If affordable summer recreation is your quest, this lake’s current situation should prove your grail. The pair of still-operating resorts offer a full menu of fun, some of it upscale. However, if all you want is a place to watch your kids splash and swim, picnic, dry-camp, fish or launch a boat, the lake provides a number of other sites where you can accomplish all those at remarkable prices, ranging from cheap to free.
Someday, new concessionaires will create resorts at Berryessa and fresh infrastructure will rise. But so will fees. And now? Well, prices may never be this low again. It’s a good time to acquaint yourself with the charms of this big lake.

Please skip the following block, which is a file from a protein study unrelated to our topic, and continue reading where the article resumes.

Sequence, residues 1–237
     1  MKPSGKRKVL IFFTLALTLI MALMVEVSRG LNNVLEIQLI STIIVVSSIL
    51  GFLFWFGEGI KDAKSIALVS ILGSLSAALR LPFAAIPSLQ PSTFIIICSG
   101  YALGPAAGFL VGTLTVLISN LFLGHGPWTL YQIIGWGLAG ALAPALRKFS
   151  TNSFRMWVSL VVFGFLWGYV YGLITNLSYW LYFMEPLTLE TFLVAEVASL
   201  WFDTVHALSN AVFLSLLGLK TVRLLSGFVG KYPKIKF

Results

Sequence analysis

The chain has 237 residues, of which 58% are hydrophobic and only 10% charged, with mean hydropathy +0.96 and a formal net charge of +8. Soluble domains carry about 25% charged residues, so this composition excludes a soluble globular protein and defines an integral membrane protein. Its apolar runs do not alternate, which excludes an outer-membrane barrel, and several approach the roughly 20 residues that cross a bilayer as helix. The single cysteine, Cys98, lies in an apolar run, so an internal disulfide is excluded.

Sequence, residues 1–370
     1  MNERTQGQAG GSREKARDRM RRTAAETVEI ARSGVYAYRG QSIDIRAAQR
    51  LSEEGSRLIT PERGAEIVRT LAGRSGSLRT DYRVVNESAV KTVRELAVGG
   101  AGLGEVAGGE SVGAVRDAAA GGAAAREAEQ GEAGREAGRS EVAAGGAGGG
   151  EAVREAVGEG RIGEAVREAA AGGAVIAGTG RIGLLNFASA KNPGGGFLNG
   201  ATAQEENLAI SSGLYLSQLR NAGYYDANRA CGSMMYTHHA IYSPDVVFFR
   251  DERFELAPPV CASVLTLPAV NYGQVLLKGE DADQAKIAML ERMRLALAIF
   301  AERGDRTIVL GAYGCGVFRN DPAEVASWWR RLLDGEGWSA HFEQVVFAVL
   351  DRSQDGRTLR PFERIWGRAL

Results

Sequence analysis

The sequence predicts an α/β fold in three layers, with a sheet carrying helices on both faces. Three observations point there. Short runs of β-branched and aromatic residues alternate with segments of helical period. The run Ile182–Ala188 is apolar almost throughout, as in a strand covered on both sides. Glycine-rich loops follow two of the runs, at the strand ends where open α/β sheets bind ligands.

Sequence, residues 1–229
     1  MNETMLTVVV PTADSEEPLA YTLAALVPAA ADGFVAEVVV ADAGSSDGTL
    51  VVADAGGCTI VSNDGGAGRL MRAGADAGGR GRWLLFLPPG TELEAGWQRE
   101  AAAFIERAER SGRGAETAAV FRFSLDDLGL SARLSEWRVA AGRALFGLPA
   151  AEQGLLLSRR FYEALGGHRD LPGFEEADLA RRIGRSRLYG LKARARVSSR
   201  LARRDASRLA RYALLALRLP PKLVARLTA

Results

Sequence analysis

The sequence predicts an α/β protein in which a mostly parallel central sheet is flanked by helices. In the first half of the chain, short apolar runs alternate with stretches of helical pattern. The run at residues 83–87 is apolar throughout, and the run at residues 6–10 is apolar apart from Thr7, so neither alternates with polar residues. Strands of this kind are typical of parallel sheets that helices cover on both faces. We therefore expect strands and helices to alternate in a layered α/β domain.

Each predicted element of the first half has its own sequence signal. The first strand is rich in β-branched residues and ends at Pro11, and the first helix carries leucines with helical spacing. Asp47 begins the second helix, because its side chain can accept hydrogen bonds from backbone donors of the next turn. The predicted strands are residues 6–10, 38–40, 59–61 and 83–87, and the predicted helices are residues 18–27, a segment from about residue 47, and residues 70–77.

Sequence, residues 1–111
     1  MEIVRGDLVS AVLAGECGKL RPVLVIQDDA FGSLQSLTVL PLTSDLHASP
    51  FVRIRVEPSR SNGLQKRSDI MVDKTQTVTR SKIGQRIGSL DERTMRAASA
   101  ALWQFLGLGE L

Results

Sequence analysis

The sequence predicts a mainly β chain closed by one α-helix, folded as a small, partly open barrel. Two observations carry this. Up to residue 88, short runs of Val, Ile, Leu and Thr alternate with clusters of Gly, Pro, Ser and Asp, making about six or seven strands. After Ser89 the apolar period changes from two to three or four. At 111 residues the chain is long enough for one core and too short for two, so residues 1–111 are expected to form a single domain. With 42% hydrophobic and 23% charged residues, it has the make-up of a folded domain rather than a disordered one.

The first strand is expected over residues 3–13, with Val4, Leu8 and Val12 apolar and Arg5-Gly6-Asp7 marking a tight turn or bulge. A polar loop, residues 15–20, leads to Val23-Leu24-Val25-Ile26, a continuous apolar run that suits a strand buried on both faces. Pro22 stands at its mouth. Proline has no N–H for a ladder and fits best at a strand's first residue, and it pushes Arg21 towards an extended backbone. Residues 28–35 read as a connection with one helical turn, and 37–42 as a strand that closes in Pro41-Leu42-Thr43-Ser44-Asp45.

“Our goal is to offer a variety of recreation services that can lead to higher visitation,” said USBR Park Manager Jeff Laird. “Right now that means a wide range of options, some that cost little or no money.
“We want people from a wide range of economic circumstances to find a way to have fun here.”
Details about the offerings at Markley Cove and Pleasure Cove are readily available at their websites, listed below. But the public opportunities elsewhere around the shore deserve their own summary, particularly since they’re part of a rapidly evolving situation.
Try to visualize this oblong lake as a round clock dial. Monticello Dam on Highway 128 is at 4 o’clock, Markley at 4:30 and Pleasure at 5:30. Between the dam and Markley are a half-dozen marked trailheads that lead down to the water to provide access for swimming and fishing, all free.